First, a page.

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ASN Wikibase Occurrence # 45350
Last updated: 26 April 2019
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Date:27-NOV-2002
Time:16:04
Type:Silhouette image of generic PA34 model; specific model in this crash may look slightly different
Piper PA-34-220T
Owner/operator:Private
Registration: N699WG
C/n / msn: 3449072
Fatalities:Fatalities: 5 / Occupants: 5
Other fatalities:0
Aircraft damage: Written off (damaged beyond repair)
Category:Accident
Location:McAlester, OK -   United States of America
Phase: Approach
Nature:Private
Departure airport:Addison, TX (ADS)
Destination airport:Monett, MO (M58)
Investigating agency: NTSB
Narrative:
The private pilot reported 10 miles out, and again 5 miles from the airport that he would be landing. There was no indication that the pilot was experiencing any problems, and winds were light and variable at the time of the accident. Witnesses at the airport reported observing the airplane at an altitude of 5 to 10 feet above the runway at midfield and fast on his approach. Witnesses were certain the left propeller was not turning, as well as reporting hearing power being added to the right engine as the pilot initiated a go-around. Witnesses also reported that the airplane went into a shallow nose up pitch attitude and also observed the landing gear retract. At approximately 200 feet agl it was observed that the airplane started a left turn toward rising terrain, then pitched up to approximately 15 degrees and enter a 30-degree bank to the left before doing a complete roll and impacting terrain in an open pasture. The reason for the left engine being shut down was not determined. Examination of the wreckage revealed that the left propeller was feathered, both main landing gear were extended, and the flaps were retracted. The reason for the left engine being shut down was not determined. While it was calculated that the airplane was within its center of gravity limits for the flight, it was determined that upon arrival at the destination airport the aircraft was 160.4 pounds over its maximum gross certified weight. According to the pilot Operating Handbook, in the case of a one engine inoperative go-around the pilot is warned that it may be impossible to control the airplane when a sudden application of power is made. The pilot is further warned that a one engine go-around is not possible from the approach configuration, unless sufficient altitude is available to raise the flaps and gear in a descent. Additionally, the pilot is cautioned that a one engine go-around should be avoided if at all possible.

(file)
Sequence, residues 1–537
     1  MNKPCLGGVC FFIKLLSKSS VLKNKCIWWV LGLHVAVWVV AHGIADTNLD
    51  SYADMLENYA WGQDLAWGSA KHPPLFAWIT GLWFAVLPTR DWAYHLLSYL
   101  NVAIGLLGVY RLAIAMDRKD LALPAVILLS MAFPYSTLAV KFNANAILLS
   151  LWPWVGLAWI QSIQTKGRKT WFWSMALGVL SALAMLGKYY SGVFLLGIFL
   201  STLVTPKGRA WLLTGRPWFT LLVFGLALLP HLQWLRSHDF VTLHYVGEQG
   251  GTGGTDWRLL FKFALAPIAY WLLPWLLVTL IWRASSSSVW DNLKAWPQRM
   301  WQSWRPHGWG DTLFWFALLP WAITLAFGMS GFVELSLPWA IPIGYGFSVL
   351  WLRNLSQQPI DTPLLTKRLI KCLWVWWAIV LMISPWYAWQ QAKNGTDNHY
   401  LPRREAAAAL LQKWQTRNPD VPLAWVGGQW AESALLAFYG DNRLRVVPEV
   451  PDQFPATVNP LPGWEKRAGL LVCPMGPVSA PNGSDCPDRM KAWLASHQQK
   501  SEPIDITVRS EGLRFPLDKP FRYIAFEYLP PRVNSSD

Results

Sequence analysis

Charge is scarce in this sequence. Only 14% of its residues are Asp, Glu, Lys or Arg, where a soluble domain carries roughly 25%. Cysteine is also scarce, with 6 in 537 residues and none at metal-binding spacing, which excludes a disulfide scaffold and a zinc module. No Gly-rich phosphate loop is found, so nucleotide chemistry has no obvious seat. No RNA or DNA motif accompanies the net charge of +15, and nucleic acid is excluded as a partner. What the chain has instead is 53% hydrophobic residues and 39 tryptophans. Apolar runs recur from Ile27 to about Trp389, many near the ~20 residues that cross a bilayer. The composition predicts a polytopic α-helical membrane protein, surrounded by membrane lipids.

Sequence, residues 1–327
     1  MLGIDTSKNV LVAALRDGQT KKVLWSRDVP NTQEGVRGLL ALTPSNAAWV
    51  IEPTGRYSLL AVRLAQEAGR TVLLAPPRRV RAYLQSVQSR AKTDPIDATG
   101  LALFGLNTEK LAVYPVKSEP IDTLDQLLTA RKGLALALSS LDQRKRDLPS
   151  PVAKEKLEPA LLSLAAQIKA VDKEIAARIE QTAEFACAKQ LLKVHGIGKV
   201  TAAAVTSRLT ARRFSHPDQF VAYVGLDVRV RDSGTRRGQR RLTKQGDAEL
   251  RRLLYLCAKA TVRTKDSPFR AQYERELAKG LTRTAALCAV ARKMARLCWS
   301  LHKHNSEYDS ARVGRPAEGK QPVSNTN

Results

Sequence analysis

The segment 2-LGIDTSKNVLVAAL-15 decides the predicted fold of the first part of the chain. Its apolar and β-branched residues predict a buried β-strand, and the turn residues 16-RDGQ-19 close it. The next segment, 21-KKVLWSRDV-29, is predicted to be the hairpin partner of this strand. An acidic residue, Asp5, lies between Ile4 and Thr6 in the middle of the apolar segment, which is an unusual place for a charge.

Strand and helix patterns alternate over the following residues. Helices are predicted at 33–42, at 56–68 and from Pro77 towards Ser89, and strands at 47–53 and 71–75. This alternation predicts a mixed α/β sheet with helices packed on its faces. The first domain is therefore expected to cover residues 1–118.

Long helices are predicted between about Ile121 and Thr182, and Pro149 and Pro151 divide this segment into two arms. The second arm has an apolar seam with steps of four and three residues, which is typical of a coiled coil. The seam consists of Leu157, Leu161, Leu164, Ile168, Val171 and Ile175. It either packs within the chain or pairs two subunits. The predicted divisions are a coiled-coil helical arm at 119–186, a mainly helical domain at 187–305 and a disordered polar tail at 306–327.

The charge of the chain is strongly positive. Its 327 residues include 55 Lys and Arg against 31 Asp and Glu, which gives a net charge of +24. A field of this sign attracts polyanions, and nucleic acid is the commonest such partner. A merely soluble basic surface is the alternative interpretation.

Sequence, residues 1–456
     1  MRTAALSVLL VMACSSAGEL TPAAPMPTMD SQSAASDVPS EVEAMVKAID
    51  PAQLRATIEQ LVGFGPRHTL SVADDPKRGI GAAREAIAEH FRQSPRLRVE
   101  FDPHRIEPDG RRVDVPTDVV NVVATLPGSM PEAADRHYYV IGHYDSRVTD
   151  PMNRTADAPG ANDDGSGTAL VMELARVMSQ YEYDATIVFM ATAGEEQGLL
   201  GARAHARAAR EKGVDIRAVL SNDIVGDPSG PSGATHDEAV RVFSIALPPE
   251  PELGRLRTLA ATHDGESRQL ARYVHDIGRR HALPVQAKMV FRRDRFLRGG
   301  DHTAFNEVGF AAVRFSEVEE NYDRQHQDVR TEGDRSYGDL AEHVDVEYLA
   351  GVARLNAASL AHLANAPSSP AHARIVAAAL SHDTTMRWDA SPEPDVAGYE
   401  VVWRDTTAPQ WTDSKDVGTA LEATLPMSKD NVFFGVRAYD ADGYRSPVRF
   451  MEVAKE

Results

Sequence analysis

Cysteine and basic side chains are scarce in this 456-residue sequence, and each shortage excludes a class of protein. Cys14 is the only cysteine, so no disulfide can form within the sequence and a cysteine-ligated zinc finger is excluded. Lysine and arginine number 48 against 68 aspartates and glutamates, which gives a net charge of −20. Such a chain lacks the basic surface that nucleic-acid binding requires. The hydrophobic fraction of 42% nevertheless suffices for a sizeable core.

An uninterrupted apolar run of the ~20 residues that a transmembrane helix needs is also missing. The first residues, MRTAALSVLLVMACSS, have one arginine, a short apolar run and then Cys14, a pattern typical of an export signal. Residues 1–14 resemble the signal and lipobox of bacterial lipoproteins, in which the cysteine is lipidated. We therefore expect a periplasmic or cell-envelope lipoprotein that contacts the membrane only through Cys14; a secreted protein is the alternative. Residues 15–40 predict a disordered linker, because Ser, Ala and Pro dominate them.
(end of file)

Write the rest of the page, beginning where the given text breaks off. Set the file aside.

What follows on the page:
Probable Cause: The pilot's failure to maintain the airplane's minimum controllable airspeed during a single-engine go-around which resulted in his loss of control. Contributing factors to the accident included the loss of power from the left engine as a result of pre-ignition/detonation for undetermined reasons, the pilot exceeding the aircraft's maximum gross takeoff weight, and the pilot not adhering to published policies and procedures for a single-engine go-around.










Sources:

NTSB: https://www.ntsb.gov/_layouts/ntsb.aviation/brief.aspx?ev_id=20021202X05543&key=1
FAA register: 2. FAA: http://registry.faa.gov/aircraftinquiry/NNum_Results.aspx?omni=Home-N-Number&nNumberTxt=699WG


Revision history:

Date/timeContributorUpdates
28-Oct-2008 00:45 ASN archive Added
02-Feb-2016 18:45 Dr.John Smith Updated [Time, Operator, Source, Narrative]
21-Dec-2016 19:24 ASN Update Bot Updated [Time, Damage, Category, Investigating agency]
09-Dec-2017 17:59 ASN Update Bot Updated [Source, Narrative]

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